Abstract and Keywords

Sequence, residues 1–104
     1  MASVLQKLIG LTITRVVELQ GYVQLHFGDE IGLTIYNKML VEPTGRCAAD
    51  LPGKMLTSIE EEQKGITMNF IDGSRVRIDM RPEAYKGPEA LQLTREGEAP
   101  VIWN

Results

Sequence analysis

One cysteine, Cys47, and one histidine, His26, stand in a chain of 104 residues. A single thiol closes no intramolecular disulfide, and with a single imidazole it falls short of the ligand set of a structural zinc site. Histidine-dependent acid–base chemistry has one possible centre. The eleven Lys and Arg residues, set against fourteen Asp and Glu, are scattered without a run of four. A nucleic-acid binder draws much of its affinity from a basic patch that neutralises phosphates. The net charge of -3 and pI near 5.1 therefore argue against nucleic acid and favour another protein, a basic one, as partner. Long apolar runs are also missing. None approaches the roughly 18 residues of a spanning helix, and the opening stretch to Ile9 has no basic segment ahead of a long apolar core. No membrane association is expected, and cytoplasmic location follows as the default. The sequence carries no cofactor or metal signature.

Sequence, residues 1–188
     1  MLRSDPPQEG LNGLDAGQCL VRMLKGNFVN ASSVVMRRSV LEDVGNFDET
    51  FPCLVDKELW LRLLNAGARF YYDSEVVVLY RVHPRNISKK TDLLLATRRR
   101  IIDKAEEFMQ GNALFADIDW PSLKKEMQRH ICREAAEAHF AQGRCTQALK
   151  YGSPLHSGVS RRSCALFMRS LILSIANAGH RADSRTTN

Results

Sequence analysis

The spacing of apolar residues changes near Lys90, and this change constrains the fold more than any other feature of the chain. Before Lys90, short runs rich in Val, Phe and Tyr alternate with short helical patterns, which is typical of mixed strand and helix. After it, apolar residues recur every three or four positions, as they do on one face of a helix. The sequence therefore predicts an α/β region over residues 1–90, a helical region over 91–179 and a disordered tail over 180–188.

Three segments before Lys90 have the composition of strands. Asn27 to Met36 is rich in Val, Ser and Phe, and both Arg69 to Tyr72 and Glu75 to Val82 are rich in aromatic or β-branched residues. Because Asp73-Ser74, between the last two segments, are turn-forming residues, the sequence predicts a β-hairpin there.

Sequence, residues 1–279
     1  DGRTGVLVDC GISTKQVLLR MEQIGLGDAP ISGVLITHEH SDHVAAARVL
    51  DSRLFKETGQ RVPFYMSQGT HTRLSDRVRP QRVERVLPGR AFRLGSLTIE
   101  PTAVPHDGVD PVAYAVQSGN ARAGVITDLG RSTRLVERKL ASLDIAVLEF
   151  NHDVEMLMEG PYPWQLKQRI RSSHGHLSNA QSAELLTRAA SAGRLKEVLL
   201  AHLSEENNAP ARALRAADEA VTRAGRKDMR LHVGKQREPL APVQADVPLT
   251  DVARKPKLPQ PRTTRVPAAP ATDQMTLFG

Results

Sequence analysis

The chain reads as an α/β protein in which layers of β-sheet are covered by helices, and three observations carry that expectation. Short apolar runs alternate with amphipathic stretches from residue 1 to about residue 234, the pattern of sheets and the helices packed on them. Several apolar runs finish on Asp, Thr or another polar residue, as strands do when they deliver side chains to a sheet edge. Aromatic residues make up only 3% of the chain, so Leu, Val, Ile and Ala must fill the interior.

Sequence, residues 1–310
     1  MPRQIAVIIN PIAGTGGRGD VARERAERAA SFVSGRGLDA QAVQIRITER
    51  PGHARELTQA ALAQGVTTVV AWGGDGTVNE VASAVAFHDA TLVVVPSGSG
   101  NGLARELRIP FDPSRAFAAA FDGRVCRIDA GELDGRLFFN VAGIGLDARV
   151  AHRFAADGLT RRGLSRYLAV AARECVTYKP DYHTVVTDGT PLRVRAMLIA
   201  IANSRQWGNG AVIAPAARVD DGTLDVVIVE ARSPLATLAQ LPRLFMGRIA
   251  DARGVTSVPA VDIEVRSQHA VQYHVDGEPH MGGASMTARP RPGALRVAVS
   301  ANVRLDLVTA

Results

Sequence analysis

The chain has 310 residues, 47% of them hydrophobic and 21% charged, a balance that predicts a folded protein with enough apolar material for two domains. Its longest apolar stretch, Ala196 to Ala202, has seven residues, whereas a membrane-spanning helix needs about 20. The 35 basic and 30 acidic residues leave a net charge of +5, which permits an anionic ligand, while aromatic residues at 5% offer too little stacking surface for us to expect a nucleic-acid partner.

During the first half of the twentieth century philosophy took a ‘linguistic turn’. (The phrase, which comes from Gustav Bergmann, was made famous by Richard Rorty as the title of an anthology of papers in which this development is set out and assessed.) The first clear signal of this development was Ludwig Wittgenstein's remark in his Tractatus Logico-Philosophicus (1921) that ‘All philosophy is “Critique of Language”‘ and this work by Wittgenstein (which is discussed in this article) remains a classic presentation of the thesis that philosophy can only be undertaken through the critical study of language. Thus during the twentieth century philosophical approaches to language, the kinds of theorizing now known as ‘philosophy of language’, have been developed in a context in which language has been taken to be a primary resource for philosophy, and as a result there has been a two-way relationship in which conceptions of language and of philosophy have been developed together.
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